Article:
25 Sep - 1 Oct 2015 #777

Nepal’s chronology

The new translation of History of the Kings of Nepal- A Buddhist Chronicle aims to correct the mistakes and fill the gaps found in the earlier translation.
Madeline Zutt


For a long time, the prevailing notion among Western historians was that Nepal did not have a rich historiography. This was mainly because Westerners did not know about Nepal’s vamsavalis.

Now, the 19th century Nepali chronicle, Nepalika-Bhupa Vamsavali, has been translated into English in a three-volume work, History of the Kings of Nepal – A Buddhist Chronicle and unlocks the secrets of Nepali history. The book was first translated by Daniel Wright in 1877 and while the ‘Wright Chronicle’ became the most readily available English translation of its time, it was incomplete and incorrect in many areas.

Wright failed to translate many obscure passages and he often misidentified places and misunderstood important concepts. This new translation aims to correct the mistakes and fill the gaps found in the earlier translation.

The volumes were released on Wednesday at the Taragaon Museum in the presence of the authors, Axel Michaels, Manik Bajracharya and Niels Gutschow (pic, above) all of whom are based at the [Heidelberg University](Heidelberg University ) in Germany. The event was organised by the Hyatt Regency Kathmandu in conjunction with the Saraf Foundation for Himalayan Tradition and Culture, South Asia Institute, Heidelberg University and Social Science Baha.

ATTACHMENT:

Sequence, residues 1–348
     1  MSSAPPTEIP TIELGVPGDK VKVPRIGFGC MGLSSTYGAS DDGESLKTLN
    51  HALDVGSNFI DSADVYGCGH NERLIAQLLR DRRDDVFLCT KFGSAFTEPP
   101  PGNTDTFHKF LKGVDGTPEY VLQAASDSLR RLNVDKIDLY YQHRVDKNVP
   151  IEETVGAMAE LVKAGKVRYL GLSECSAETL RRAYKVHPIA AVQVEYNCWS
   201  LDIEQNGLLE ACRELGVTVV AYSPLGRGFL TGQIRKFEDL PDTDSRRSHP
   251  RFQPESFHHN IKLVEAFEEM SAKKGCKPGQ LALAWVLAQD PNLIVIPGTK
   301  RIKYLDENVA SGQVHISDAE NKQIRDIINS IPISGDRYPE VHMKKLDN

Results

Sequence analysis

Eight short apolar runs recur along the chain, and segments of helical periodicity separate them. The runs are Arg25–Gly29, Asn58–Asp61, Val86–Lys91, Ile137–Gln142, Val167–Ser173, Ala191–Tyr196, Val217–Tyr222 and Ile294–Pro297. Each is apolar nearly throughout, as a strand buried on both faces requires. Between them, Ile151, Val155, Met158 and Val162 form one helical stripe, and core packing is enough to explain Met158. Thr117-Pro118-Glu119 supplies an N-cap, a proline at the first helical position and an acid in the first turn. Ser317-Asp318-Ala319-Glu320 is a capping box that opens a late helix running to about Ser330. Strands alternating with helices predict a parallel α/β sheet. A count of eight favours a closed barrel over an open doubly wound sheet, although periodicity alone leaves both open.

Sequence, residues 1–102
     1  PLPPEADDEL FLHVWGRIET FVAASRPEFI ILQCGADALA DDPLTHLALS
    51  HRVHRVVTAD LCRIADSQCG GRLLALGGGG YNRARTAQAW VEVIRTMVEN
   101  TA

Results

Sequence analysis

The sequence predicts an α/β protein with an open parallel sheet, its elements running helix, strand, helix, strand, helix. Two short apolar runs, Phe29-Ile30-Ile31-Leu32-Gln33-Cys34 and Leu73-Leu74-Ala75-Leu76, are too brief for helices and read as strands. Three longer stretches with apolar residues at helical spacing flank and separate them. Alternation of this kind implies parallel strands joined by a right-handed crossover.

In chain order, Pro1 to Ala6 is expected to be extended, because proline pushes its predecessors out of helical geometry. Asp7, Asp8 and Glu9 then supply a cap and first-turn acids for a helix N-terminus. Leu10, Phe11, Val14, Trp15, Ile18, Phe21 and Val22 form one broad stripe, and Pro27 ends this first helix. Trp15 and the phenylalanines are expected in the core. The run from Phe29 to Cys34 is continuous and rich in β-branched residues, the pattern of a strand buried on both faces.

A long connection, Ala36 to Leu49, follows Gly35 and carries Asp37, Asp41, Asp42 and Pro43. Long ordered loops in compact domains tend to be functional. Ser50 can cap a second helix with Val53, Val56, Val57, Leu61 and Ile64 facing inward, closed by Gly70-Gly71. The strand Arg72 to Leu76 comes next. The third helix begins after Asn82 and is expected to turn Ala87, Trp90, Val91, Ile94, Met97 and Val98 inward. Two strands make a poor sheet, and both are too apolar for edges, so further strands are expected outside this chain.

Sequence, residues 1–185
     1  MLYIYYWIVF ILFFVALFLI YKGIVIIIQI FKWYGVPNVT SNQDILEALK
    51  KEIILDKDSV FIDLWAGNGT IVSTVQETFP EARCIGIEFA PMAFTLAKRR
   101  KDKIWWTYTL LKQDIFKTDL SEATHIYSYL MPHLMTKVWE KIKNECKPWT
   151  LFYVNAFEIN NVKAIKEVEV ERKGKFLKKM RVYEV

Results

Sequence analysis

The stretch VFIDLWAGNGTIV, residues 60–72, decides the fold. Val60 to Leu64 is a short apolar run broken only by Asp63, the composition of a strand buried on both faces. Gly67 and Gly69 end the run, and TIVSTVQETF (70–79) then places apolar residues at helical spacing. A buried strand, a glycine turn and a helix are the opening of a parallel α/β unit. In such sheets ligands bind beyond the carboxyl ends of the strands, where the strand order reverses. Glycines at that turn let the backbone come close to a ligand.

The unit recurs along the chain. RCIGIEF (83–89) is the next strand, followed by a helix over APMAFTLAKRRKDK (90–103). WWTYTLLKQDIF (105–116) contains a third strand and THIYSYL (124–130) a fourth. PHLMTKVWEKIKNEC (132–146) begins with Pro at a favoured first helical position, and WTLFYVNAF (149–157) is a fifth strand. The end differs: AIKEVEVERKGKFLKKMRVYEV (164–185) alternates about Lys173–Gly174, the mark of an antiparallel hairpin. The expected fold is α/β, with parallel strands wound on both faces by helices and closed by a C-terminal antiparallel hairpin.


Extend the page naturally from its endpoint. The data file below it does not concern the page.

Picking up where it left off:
Michaels, who is the Head of the Department of Classical Indology at Heidelberg University, hoped the volumes would reignite interest in Nepal’s history. The first volume of the book includes the original Nepali text of the chronicle that includes sections in Newari and Sanskrit. The second volume has unpublished drawings (including one by 19th century Nepali painter Rajman Singh) and maps dating back to 1850.

Gutschow who lived in Bhaktapur for many years but is currently based in Germany put his passion for history to good use by digging up much of the material in the book. Bajracharya is a Nepali research fellow at Heidelberg University who helped make sure that the English translation stayed close to the original text.

As an emerging cultural hub of Kathmandu, Taragaon Museum was the perfect location for the book launch.
The three authors spoke about Nepali historiography and noted that it is mainly about tale-telling, an entangled past where myths and legends are mixed with facts. While Nepali historiography may not be as scientific as it is in the West, it does not make it less valuable. Nepal’s future depends on its history. Nepali historians are not being read and appreciated as much as they should and hopefully this new book will renew an interest in the country’s history.

When asked what effect he expected this book to have both at home and abroad, Bajracharya replied: “It will show Europe that Nepal has a chronological sense of time. The books encompass a large, beautiful history and are a one of a kind work.”

Read also:

The rebirth of Bhaktapur, Lukas Grimm

The Valley from the air, 41 years ago, Kunda Dixit

Palazzos decorated with pilasters, Kunda Dixit

The stone amidst the wood, Kunda Dixit

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